Energy Efficiency of Small Data Centers

Example of a small data center
October 2013

October-November Special Focus: Energy Efficiency, Buildings, and the Electric Grid

Fifty-seven percent of U.S. servers are housed in server closets, server rooms, and localized data centers, in what are commonly referred to as small server rooms, which comprise 99.3 percent of all server spaces in the U.S. While many mid-tier and enterprise-class data centers are owned by large corporations that consider energy efficiency a goal to minimize business operating costs, small server rooms typically are not similarly motivated. They are characterized by decentralized ownership and management, and come in many configurations, which creates a unique set of efficiency challenges.

To develop energy efficiency strategies for these spaces, we surveyed 30 small server rooms across eight institutions, and then selected four of them for detailed assessments including some power measurements. This revealed Power Usage Effectiveness (PUE) values ranging from 1.5 to 2.1. Energy saving opportunities ranged from no to low-cost measures such as raising cooling set points and better airflow management, to more involved but cost-effective measures including server consolidation and virtualization, and dedicated cooling with economizers.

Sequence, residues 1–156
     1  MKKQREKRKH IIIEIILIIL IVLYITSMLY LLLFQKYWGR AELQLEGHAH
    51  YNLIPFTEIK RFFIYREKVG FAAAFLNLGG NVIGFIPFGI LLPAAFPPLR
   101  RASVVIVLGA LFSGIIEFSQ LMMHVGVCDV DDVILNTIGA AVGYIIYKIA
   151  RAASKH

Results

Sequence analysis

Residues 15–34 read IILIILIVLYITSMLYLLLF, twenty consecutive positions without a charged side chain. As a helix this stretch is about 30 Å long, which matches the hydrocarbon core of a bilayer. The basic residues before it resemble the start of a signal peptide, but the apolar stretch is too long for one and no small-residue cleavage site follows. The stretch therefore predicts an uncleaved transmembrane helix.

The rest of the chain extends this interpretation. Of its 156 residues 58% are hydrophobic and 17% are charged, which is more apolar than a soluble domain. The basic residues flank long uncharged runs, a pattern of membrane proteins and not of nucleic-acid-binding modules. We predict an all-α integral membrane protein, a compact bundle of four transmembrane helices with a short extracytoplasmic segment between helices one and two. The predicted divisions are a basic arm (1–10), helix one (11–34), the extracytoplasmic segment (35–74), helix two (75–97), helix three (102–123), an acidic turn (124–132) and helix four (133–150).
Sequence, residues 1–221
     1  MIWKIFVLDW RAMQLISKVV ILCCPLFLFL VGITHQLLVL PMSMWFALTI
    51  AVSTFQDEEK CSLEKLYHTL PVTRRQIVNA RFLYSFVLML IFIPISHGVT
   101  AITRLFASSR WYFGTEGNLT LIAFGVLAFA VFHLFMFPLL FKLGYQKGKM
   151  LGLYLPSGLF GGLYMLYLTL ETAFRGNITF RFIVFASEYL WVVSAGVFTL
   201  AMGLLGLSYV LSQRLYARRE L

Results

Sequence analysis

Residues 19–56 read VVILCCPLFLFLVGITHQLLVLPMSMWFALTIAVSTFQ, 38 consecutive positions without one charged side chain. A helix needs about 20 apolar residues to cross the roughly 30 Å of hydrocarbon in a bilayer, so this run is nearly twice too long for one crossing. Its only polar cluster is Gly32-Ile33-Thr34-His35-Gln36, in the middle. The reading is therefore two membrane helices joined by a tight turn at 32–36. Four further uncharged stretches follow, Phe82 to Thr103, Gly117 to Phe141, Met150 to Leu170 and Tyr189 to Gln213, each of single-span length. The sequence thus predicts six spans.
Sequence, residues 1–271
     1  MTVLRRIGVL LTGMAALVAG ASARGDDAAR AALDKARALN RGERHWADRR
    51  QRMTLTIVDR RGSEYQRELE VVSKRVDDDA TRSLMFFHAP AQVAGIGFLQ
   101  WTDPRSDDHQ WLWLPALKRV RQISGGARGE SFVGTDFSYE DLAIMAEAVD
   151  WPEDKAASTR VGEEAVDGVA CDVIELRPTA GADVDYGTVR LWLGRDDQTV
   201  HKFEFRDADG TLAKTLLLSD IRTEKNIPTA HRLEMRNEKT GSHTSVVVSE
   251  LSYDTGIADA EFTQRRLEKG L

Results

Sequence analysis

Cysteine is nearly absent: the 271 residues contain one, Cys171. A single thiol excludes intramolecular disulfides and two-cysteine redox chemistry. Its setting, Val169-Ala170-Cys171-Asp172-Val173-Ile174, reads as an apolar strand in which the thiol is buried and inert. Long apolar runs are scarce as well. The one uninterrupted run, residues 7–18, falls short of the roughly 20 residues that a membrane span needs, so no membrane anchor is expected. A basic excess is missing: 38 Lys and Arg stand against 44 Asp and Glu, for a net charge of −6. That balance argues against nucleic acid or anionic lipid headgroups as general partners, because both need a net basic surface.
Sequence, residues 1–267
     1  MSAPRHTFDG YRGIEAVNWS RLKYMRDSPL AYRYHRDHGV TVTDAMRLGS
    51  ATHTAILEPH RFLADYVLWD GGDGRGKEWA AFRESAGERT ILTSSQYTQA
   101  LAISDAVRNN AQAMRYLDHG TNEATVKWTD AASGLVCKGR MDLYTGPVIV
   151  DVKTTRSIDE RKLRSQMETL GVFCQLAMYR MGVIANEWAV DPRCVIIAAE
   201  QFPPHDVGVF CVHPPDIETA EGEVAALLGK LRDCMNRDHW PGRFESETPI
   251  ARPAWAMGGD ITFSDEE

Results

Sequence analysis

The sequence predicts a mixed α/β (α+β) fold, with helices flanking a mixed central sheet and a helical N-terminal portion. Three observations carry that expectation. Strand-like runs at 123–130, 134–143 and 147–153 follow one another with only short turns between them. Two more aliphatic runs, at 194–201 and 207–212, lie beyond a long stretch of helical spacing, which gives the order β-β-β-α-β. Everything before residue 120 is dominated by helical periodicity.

We found that inefficiencies mainly resulted from organizational rather than technical issues. Because of the inherent space and resource limitation, the most effective measure is to operate servers through energy-efficient cloud-based services or well-managed larger data centers rather than server rooms. Otherwise, backup power requirement, and IT and cooling efficiency should be evaluated to minimize energy waste in the server space. Utility programs are instrumental in raising awareness and spreading technical knowledge on server operation, and the implementation of energy efficiency measures in small server rooms.

Iris Cheung

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Format: 2014-09-22
Format: 2014-09-22

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